Recent theories of stress reactivity posit that, when stressed, individuals tend to seek out opportunities to affiliate with and nurture others to prevent or mitigate the negative effects of stress. However, few studies have tested empirically the role of prosocial behavior in reducing negative emotional responses to stress. The current analyses used daily diary data to investigate whether engaging in prosocial behavior buffered the negative effects of naturally occurring stressors on emotional well-being. Results showed that on a given day, prosocial behavior moderated the effects of stress on positive affect, negative affect, and overall mental health. Findings suggest that affiliative behavior may be an important component of coping with stress and indicate that engaging in prosocial behavior might be an effective strategy for reducing the impact of stress on emotional functioning.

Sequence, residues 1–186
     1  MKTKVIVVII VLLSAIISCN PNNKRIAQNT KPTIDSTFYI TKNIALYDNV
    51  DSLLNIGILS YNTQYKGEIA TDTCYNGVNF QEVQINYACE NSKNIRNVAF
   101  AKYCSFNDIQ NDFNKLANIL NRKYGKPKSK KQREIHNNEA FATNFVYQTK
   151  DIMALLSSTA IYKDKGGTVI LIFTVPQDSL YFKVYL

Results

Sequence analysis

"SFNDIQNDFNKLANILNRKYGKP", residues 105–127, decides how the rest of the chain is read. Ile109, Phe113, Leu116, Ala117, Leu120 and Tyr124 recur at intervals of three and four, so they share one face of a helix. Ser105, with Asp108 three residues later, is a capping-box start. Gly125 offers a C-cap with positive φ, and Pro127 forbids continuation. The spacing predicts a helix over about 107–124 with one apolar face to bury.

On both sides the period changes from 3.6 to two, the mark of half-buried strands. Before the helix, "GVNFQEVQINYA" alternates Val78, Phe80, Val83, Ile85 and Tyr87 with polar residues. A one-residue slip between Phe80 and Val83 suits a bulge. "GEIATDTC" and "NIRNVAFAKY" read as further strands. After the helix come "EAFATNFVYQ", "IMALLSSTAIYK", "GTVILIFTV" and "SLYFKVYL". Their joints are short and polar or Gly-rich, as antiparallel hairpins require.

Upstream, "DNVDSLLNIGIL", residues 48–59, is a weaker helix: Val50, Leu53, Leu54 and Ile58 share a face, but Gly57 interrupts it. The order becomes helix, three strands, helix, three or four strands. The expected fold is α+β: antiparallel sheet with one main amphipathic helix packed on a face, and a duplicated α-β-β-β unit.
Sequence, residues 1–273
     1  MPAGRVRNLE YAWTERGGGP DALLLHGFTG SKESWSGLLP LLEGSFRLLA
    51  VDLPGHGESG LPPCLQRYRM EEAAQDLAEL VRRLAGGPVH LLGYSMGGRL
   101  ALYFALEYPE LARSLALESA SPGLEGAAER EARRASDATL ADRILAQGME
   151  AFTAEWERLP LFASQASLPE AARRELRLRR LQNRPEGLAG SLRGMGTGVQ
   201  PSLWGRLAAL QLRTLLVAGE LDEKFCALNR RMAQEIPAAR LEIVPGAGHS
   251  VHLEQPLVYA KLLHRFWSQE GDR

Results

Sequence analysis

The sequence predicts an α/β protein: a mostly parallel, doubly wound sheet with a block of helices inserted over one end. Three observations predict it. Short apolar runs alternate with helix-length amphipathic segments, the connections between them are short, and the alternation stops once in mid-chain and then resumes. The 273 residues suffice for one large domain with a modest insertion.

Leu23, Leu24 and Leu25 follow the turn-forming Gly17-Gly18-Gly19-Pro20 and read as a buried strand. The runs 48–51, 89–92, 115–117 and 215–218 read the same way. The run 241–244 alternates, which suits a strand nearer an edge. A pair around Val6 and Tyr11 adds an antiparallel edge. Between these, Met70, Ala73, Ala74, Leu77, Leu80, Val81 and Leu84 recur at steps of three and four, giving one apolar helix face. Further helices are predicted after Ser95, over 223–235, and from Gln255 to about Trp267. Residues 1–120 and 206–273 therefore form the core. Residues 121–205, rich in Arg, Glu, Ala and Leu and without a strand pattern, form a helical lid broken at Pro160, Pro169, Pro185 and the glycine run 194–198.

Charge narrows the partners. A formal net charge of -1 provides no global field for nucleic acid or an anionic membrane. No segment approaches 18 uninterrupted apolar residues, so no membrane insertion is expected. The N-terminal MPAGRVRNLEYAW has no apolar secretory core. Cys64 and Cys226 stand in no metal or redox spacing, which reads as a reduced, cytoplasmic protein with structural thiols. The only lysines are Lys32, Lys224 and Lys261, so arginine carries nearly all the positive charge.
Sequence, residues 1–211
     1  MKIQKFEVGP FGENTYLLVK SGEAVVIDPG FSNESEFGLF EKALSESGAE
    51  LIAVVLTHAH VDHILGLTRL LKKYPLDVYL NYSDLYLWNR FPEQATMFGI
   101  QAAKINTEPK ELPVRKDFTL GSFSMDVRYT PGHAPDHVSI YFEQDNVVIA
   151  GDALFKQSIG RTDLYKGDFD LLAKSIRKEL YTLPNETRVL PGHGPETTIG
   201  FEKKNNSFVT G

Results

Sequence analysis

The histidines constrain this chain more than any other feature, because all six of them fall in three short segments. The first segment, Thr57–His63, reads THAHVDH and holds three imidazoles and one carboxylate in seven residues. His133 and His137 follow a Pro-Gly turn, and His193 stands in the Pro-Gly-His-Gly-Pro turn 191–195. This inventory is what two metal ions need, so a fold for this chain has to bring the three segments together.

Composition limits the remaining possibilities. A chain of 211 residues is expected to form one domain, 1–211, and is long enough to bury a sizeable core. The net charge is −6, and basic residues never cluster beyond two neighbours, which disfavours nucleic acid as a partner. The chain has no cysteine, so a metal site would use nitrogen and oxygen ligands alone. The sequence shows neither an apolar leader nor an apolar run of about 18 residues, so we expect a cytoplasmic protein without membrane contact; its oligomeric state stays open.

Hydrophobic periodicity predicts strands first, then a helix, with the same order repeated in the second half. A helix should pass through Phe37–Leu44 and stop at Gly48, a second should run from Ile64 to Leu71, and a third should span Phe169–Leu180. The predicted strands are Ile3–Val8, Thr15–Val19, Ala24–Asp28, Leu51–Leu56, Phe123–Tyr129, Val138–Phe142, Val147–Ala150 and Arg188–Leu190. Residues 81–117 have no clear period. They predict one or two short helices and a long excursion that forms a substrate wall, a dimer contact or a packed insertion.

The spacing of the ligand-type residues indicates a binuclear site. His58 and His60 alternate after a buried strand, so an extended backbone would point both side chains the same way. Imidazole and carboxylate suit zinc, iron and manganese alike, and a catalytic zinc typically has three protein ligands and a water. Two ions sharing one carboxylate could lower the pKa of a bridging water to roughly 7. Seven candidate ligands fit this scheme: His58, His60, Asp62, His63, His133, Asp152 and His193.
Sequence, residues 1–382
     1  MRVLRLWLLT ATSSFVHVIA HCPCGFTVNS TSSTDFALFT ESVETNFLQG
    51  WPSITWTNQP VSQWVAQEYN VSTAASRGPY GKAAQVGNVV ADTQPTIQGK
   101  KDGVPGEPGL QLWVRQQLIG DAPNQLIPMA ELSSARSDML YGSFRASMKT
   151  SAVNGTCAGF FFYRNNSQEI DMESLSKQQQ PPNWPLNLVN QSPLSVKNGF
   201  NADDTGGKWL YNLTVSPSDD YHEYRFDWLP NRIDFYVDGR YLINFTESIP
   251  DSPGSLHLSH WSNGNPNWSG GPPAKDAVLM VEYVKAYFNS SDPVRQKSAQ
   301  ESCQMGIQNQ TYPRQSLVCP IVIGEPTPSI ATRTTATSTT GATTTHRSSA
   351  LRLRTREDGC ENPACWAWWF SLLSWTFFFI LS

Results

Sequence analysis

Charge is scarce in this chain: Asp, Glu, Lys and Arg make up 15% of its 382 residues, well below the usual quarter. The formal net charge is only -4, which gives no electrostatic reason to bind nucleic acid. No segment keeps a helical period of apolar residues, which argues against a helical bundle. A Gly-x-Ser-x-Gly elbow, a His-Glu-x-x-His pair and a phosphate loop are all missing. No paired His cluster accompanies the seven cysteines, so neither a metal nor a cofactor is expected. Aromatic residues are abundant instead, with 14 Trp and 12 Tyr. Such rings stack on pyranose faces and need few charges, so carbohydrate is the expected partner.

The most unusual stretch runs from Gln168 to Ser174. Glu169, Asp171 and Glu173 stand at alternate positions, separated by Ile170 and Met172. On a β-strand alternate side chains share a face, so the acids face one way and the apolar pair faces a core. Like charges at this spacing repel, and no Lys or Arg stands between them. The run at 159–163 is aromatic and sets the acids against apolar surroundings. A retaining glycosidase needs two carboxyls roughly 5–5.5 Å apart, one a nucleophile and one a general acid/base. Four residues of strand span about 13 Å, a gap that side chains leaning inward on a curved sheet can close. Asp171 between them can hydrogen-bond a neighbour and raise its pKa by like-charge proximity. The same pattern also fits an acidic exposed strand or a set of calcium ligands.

All Science Journal Classification (ASJC) codes
- Clinical Psychology